The story of the Amiga computer is one of those classic Silicon Valley tales: a group of engineers sees a path open up to a technological future they are eager to explore, but the management at their current company isn’t interested in changing direction. So they go off on their own, passionate about their project. They may not always succeed commercially, but their technical achievements impress, and point the way for others.
The Amiga launched in July 1985 at Lincoln Center in New York City, with Andy Warhol demonstrating the machine’s capabilities by painting a digital picture of singer Debbie Harry. Its original developers, led by Jay Miner, came out of Atari. They wanted to advance home video game hardware by harnessing the power of the then-new Motorola MC68000 microprocessor, and Atari had said no. They started a company, initially called Hi-Toro and later renamed Amiga, to do it anyway. They built a powerful machine that produced amazing graphics and drew passionate fans.
They didn’t change the world—even though their product undercut the prices and bested the performance of competing Apple and IBM computers. Amiga never became a mainstream platform in the U.S., though, for a time, it did well as a game machine in Europe. Their lasting contribution to the world of computing may have been spurring the competition to add multimedia features to their home computers. Eventually, the impressive graphics that wowed people at the Amiga’s introduction became commonplace.
This month, the Amiga celebrates its 30th anniversary. And I’m among the fans thinking back fondly on its origins. For me, it’s not because the technology changed the path of computing history. It’s because Jay, and the Amiga, sparked a change in my personal path.
Paul Wallich, a fellow Spectrum editor back in the 1980s, and I met Jay while working on a 1983 article about Atari’s first home game machine, the VCS. We both started spending some of our off-hours during Silicon Valley business trips with Jay. We became enamored with the energy and the people of Silicon Valley, and Jay and the Amiga were a big part of that.
In early 1986, shortly after the Amiga’s launch, Jay provided what turned out to be the final push to get me to relocate from New York to Silicon Valley: he held a small birthday dinner for me—on a boat, in the San Francisco Bay—and gave me a music box that played “I left my heart in San Francisco.” That gesture made it hard to even think about going back to New York’s grey and slushy winter.
Paul contemplated leaving journalism altogether to join the Amiga team. Though he ultimately turned down a job offer, he did buy one of the early Amigas at an employee discount. These days, his 10-year-old son plays with an Amiga emulator running on a Raspberry Pi.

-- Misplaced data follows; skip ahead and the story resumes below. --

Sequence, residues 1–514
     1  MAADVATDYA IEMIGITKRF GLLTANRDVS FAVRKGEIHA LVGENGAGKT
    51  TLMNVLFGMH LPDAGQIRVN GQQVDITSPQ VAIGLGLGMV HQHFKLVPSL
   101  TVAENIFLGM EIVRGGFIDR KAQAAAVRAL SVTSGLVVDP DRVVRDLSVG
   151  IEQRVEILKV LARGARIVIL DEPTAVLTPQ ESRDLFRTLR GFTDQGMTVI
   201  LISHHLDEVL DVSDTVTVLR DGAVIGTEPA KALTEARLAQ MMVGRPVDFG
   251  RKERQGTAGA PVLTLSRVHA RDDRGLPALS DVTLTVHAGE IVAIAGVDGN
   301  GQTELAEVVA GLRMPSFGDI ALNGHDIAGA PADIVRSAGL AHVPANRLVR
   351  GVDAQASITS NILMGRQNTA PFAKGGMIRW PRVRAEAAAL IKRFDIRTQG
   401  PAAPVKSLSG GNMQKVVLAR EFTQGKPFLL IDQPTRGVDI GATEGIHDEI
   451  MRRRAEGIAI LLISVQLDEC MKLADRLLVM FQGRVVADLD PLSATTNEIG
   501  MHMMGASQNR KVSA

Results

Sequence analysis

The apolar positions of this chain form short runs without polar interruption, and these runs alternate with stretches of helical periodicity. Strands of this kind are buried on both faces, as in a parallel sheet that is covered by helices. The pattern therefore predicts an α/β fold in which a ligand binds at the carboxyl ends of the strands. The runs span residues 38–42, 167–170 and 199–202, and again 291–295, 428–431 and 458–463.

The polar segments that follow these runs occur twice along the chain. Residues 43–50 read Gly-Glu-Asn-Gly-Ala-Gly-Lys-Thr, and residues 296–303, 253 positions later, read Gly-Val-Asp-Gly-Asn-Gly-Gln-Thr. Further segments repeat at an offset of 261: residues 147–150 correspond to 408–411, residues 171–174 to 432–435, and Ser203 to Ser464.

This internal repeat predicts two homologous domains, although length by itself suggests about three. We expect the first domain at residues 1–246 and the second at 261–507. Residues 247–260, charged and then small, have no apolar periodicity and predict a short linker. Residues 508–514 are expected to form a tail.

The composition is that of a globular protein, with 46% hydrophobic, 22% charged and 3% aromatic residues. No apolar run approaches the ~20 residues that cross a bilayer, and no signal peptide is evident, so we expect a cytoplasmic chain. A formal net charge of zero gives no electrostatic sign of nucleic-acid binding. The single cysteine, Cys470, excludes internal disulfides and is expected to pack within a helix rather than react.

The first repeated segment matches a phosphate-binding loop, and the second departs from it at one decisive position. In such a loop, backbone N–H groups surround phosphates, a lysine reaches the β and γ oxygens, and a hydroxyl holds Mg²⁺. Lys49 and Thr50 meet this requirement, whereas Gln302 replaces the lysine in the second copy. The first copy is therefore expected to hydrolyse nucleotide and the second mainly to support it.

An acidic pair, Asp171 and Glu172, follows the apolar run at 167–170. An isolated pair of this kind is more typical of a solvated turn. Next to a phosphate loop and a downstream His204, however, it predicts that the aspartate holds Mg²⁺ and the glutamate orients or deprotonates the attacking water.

Paul and I didn’t write about the Amiga’s development in the 80s, I don’t think we knew quite how significant it would be. But Paul did cover it 15 years later, in Amiga: The Computer That Wouldn’t Die. Here’s what he wrote then:
From the day it was introduced in 1985, high-quality animated graphics and easy manipulation of video signals were part of the Amiga's repertoire, and those features continue to find work for it. The custom video circuitry could manipulate images anywhere from two to 40 times as fast as other personal computers of the time. In addition, the Amiga's combination of a graphical, menu-based user interface with command-line scripting and multitasking operating system was an advantage that put the company almost 10 years ahead of its competition.
It was business, rather than technical issues that prevented the Amiga from taking off. The rights to its technology changed owners five times; two of those times involved corporate bankruptcies. But those who did purchase this US $1200 PC tended to fall in love with it—passionately, deeply, perhaps insanely. And they had good reason. In 2006, PC World rated the Amiga 1000 (the first model)—“the world's first multimedia, multitasking personal computer"—as the 7th-greatest PC of all time.
The 30th-anniversary celebrations by Amiga fans and Amiga’s creators are happening around the world. There was an event in Amsterdam in June; there will be a VIP dinner in the United Kingdom in August.
And starting tomorrow, there will be a conference in Mountain View, Calif., near Amiga’s original home in Santa Clara. (More on that conference next week.)
Tekla S. Perry is a senior editor at IEEE Spectrum. Based in Palo Alto, Calif., she's been covering the people, companies, and technology that make Silicon Valley a special place for more than 40 years. An IEEE member, she holds a bachelor's degree in journalism from Michigan State University.